What exactly is Bridge House in Ambleside?

The Bridge House on Rydal Road, Ambleside
The Bridge House on Rydal Road, Ambleside

Bridge House in Ambleside is one of the most iconic – and smallest – buildings in the Lake District. Yet how many of us have actually stopped to take a proper look at this quirky historic landmark, or asked ourselves ‘what exactly is it’? One day back in the summer, I decided to find out.

To visit Bridge House, you literally step off the pavement and into the miniature downstairs room, complete with windows and the original old stove. You can then climb the outer spiral stone steps to a surprisingly light and pretty upstairs space too. A National Trust volunteer is usually on hand to tell you all about Bridge House’s history. There were lots of people around when I visited, but I took advantage of a quiet moment to take a few snaps inside.

The downstairs and upstairs doorways
The downstairs and upstairs doorways
The interior of the downstairs of Bridge House
The interior of the downstairs of Bridge House
The light and airy upstairs room
The light and airy upstairs room
Looking out from upstairs at Bridge House
Looking out from upstairs
From the interior of the upstairs at Bridge House, Ambleside
From the interior of the upstairs

According to the National Trust, Bridge House was first owned by the local Braithwaite family. A bridge was constructed first, to allow access to land on the other side of the river, and the building itself was added in the 17th century as an apple store.

The building once had a doorway on each side of the river, and traces of this can still be seen from the outside on the footpath away from the road.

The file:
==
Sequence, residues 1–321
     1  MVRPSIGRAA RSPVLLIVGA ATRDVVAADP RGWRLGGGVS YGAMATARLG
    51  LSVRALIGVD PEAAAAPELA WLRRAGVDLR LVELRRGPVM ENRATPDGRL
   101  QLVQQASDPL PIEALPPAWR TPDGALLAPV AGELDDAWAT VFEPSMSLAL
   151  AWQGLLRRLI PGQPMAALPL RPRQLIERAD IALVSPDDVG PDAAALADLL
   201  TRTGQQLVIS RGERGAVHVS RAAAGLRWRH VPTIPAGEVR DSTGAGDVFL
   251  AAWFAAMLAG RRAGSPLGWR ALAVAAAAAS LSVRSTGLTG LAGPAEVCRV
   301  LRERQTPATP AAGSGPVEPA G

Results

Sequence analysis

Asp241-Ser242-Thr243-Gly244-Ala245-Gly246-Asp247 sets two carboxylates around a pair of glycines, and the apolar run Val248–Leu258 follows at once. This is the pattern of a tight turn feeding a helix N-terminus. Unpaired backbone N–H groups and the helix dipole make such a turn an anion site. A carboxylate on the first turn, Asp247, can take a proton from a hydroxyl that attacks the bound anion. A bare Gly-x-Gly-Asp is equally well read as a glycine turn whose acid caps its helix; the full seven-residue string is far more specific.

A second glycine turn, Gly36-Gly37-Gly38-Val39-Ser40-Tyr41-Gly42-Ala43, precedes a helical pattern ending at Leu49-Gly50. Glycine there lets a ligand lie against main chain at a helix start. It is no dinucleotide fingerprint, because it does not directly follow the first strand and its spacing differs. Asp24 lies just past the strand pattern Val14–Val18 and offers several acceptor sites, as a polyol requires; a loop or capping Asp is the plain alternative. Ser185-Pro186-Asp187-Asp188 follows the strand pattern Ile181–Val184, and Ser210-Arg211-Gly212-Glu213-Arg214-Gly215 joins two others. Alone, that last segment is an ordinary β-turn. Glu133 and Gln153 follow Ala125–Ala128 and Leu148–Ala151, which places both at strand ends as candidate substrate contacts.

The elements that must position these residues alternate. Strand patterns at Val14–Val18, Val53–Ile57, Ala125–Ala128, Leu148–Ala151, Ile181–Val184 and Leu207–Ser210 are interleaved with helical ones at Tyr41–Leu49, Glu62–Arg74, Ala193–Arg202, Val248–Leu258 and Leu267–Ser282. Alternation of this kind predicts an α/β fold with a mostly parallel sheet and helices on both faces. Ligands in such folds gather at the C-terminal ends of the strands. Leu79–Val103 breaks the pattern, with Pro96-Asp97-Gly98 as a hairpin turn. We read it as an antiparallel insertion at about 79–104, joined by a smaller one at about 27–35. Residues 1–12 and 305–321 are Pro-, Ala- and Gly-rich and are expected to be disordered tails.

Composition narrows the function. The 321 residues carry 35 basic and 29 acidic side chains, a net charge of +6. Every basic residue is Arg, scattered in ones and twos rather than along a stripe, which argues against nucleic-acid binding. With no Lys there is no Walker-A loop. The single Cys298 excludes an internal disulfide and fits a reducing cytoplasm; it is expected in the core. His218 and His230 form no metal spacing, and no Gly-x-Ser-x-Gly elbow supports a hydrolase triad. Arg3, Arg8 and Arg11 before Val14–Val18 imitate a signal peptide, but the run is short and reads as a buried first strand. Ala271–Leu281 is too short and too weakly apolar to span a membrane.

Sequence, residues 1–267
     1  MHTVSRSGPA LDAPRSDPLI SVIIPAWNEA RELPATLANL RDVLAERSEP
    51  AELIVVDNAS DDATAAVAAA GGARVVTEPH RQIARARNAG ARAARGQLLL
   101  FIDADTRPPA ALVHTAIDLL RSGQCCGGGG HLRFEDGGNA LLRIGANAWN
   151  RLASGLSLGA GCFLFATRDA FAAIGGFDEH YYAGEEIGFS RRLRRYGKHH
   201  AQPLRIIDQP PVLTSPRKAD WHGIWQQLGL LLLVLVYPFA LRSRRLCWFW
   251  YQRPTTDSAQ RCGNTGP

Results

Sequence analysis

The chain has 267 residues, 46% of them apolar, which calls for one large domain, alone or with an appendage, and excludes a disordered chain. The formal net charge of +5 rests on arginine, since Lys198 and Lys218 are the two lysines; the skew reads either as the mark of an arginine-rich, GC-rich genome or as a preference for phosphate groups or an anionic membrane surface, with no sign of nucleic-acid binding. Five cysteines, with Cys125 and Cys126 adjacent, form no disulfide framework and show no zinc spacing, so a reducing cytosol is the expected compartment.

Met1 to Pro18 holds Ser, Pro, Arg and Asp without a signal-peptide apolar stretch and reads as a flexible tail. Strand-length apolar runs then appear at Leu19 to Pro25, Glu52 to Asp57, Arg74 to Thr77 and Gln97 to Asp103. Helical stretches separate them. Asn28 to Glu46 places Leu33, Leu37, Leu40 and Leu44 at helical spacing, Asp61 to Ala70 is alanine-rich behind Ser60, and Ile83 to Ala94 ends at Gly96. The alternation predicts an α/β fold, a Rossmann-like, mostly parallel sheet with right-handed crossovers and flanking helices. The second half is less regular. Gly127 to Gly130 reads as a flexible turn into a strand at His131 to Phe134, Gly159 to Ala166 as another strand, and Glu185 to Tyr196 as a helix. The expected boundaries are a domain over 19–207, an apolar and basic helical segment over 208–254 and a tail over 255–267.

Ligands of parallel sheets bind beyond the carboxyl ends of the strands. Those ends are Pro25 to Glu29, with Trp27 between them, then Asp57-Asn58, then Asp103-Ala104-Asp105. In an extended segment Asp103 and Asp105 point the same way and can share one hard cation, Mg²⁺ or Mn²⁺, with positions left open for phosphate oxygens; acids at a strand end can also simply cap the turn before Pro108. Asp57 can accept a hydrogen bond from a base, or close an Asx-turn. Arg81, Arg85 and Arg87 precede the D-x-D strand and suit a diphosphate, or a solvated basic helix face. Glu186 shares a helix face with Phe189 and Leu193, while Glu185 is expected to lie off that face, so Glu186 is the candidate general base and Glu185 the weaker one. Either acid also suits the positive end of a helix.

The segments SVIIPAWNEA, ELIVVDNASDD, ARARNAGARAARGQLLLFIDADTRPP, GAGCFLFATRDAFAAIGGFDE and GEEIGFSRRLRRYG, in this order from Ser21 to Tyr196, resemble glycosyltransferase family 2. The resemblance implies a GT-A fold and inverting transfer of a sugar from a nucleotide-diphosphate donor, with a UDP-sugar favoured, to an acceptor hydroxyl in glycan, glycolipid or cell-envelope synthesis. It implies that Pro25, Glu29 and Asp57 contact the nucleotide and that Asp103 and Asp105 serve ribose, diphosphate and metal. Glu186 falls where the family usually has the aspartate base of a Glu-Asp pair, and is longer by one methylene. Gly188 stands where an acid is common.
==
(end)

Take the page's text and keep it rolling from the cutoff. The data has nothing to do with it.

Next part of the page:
The original second doorway
You can still see where the original second door was on the other side of the river

Bridge House has had many other uses, including as a weaving shed, a counting house for the mills, a family home (for eight people!) a cobbler’s and a chairmaker’s.

The stove was added in the 19th century when it became a tea house. In the 1940s it was also used as a bric-a-brac and antiques shop.

The stove
The stove was apparently added when Bridge House became a tea house in the 19th century

By the 1920s, Bridge House was in need of repair work. Luckily, a group of supporters, including William Heelis (better known as Beatrix Potter’s husband) recognised this and raised enough money to buy it – just imagine what a waste it would have been to let this cute little curiosity go to ruin.

The building was then donated to the National Trust, who used it as their first Lake District information centre from 1956.

Bridge House is such a lovely reminder of Ambleside’s past, but it is small and so does only take a few minutes to visit. What else do you recommend as a ‘must’ while in Ambleside (especially involving food 🙂 – I like Cafe Treff around the corner)? Please leave your suggestions in the comments below.


  1. There are lots of National Trust properties in the Lake District – ideal if you already have National Trust membership, and worth considering if you plan to visit many of them.

  2. Phillip Gamble

    Hi Janine, that’s a lovely blog, and those snaps you mentioned… they are very lovely , well framed photographs indeed I thought you must have taken them with a really good camera.
    The research you went to, to uncover generations of use is brilliant. Thanks very much for sharing that with us all.
    Cheers, Phillip

    • Thank you Phillip – it’s great to hear you enjoyed the post. After so many years of passing the Bridge House without ever stopping to take a look, it was quite a surprise to discover more about its varied history!

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